There are two Conditioned Air Contractor License options available through the Georgia Board of Conditioned Air Contractors consistent with the type of job you intend to bid and work on:
Class I License (Restricted)
Restricted to conditioned air contracting involving conditioned air systems or equipment not exceeding 175,000 BTUs for heating and 60,000 BTUs for cooling
Class II License (Unrestricted)
Not restricted to any BTU limit
Employers or contracting parties will often specify which class of license they prefer or require.
To be eligible for either of these licenses you must:
- Meet the experience requirement
- Pass the appropriate examination with a score of at least 70
- Submit a completed application
- Pay licensing and exam fees
Factors Contributing to a Strong Job Market for HVAC Techs and Contractors in Georgia
The HVAC market in Georgia is strong for many reasons:
- Climate – in Atlanta the average low in January is 34 °F while the average high in July is 89 °F
- Cost – Georgia has a higher cost of commercial electricity than the neighboring states of Florida and North Carolina
- Residential growth – the Governor’s Office of Planing and Budget projects the population to increase from 11.1 million in 2015 to 14.7 million by 2030
- Efficiency incentives – Georgia Power provides prescriptive incentives for energy-efficient building upgrades, including rebates for the installation of more efficient HVAC systems
Georgia’s Department of Workforce Information and Analysis projects that between 2014 and 2024 the number of HVAC technician jobs will grow by 20 percent, averaging 310 job openings per year. In fact, the Atlanta metro area has the third-highest number of HVAC technicians of all cities in the nation.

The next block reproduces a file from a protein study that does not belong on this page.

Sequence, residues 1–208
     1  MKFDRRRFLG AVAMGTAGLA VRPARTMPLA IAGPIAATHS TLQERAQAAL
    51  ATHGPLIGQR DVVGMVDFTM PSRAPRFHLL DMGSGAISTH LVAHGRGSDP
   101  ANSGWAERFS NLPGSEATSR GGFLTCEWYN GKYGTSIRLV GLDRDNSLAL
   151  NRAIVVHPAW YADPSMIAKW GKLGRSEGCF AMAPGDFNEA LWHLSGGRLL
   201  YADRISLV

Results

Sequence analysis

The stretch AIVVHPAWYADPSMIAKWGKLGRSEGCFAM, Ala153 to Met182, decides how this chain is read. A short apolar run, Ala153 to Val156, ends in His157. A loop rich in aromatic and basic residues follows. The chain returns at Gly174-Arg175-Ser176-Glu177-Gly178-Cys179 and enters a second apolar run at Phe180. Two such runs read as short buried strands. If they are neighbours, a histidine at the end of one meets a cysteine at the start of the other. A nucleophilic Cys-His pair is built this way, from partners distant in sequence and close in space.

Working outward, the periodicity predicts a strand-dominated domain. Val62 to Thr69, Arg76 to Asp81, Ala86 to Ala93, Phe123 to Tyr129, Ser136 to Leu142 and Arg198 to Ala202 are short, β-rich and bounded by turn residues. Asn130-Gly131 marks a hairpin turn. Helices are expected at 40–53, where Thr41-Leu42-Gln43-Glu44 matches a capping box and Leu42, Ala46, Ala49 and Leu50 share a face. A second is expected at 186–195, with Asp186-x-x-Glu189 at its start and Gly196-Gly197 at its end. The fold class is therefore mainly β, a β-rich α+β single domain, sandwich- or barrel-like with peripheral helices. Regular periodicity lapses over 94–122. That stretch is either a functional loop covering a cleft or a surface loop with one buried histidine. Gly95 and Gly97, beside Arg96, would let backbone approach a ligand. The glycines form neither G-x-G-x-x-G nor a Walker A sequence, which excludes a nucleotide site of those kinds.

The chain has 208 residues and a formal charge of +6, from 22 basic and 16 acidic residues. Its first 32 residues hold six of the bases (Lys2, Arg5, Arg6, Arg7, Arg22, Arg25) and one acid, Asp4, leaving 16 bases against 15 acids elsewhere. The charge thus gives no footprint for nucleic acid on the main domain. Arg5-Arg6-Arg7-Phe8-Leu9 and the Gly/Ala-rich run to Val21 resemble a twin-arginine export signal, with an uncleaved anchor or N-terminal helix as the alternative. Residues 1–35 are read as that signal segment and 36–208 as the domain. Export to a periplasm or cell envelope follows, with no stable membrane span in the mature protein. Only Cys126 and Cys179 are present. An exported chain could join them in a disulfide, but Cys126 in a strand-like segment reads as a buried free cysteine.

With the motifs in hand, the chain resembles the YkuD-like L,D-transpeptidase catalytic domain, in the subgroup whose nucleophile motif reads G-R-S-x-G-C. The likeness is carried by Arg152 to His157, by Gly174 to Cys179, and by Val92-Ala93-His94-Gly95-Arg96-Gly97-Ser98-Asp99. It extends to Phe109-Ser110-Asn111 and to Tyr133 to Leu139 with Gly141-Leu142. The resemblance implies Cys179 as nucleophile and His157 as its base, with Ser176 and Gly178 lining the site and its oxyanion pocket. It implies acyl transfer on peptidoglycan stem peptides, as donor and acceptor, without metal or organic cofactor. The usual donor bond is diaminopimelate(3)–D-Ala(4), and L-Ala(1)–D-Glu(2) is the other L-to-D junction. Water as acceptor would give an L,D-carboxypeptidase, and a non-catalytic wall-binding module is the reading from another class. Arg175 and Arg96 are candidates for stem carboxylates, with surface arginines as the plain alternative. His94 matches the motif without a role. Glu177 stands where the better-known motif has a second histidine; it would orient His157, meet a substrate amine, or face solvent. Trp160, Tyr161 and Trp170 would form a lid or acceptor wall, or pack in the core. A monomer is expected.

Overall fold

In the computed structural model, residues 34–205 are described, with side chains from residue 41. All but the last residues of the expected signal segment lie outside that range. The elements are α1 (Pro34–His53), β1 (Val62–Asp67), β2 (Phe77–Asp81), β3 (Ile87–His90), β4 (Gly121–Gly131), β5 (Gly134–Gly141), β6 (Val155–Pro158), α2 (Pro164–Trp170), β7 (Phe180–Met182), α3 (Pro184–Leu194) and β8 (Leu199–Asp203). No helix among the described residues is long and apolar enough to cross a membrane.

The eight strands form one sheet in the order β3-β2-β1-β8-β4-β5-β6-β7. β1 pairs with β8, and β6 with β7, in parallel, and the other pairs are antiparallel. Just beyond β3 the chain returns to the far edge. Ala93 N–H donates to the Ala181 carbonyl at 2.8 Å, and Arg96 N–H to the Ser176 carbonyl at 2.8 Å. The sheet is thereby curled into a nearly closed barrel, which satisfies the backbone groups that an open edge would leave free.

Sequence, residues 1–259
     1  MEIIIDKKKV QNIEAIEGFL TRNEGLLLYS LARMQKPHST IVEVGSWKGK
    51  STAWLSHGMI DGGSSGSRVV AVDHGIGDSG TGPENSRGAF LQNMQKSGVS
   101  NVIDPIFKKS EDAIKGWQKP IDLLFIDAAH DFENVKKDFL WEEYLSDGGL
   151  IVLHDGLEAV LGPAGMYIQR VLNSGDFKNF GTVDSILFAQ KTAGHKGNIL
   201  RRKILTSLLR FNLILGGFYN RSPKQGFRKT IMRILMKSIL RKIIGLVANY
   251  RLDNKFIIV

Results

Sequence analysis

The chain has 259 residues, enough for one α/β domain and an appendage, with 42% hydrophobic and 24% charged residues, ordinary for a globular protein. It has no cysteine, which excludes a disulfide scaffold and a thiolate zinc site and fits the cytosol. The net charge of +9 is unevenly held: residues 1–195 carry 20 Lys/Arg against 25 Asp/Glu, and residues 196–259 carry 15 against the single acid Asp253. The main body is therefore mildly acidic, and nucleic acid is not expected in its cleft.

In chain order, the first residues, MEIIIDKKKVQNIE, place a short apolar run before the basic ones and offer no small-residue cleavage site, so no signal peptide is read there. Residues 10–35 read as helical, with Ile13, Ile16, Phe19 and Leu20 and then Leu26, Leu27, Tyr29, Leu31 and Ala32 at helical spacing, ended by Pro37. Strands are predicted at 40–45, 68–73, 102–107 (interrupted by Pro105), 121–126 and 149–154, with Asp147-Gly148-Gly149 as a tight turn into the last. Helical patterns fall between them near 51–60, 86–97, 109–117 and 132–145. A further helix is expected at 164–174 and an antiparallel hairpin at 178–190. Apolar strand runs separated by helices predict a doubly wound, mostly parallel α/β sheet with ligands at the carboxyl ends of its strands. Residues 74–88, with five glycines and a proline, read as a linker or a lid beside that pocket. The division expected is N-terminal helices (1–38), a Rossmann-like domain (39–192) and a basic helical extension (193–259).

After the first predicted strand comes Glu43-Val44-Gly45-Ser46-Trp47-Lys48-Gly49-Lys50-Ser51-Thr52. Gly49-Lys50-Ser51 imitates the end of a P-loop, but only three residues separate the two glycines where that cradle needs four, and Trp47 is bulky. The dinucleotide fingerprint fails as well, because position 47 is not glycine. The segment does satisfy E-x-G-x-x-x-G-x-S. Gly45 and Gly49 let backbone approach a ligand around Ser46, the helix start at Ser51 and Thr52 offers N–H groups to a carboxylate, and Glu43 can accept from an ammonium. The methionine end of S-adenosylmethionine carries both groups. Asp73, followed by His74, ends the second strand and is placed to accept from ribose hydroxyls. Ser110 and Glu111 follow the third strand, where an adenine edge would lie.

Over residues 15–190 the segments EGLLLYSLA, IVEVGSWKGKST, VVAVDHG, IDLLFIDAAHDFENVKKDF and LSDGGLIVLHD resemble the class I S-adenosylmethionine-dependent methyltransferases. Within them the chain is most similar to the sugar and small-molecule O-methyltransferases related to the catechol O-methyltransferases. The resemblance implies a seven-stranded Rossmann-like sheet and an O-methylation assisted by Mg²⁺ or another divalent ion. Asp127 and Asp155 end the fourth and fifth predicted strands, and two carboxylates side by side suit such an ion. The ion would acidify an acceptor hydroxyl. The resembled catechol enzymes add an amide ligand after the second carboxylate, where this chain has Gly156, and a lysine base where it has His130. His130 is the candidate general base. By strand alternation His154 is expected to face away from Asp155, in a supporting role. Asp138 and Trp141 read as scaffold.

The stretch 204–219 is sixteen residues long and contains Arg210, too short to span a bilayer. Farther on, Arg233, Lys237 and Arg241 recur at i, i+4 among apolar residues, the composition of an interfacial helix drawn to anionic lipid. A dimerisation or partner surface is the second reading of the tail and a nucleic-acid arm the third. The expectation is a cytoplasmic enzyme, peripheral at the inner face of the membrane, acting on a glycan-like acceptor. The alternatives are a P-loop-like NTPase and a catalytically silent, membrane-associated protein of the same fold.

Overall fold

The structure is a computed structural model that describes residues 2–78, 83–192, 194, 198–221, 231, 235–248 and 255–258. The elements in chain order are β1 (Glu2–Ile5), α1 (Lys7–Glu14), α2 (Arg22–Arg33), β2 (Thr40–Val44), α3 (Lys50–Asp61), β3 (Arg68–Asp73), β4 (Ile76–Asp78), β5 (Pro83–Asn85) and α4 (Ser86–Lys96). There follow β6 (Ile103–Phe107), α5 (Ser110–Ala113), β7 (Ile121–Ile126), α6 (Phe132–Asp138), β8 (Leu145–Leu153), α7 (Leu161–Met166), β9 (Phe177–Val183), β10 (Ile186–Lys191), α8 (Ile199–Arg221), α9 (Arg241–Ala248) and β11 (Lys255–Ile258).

HVAC Technician Salaries in Georgia
The Georgia Department of Labor reported that HVAC technicians in the top 10% earned an average salary of $64,480 ($31.00 hourly) as of 2016. That year, the median salary among HVAC technicians in Georgia was $42,265 ($20.56 hourly).
HVAC Technician Salary in Georgia (median)
HVAC Technician Salary in Georgia (top 10%)
With construction booming in Georgia, the state’s Department of Labor predicts that the number of jobs for HVAC technicians will increase by more than 20% between 2014 and 2024. The Atlanta-Sandy Springs-Roswell area, in particular, presents some unique opportunities for HVAC techs. In fact, as of 2015 the US Bureau of Labor Statistics has identified the area as having the 3rd highest number of HVAC tech jobs of any metro area in the nation.
Georgia received national press for the strength of its construction industry. Oldcastle Building Construction conducted an analysis of the construction forecast for 2016 and reported that Georgia was one of the three states “leading the expansion.”
Even the Wall Street Journal featured Georgia in a 2017 article that described how developers and investors are snapping up empty lots in subdivisions that were abandoned during the downturn in the late 2000s.
With the recent surge in construction, skilled workers are in short supply both nationally and in Georgia. Trey Anderson, President of the Associated General Contractors of Georgia, Inc., considers the need to overcome a shortage of skilled workers and managers one of the three most pressing issues that face the construction industry in the state.
HVAC Salaries in Georgia’s Largest Cities
The US Department of Labor provides the hourly wages and annual salaries for HVAC technicians in the major metropolitan areas of Georgia as of 2015. Shown here are salaries and hour pay rates ranging from the median to the top 10%.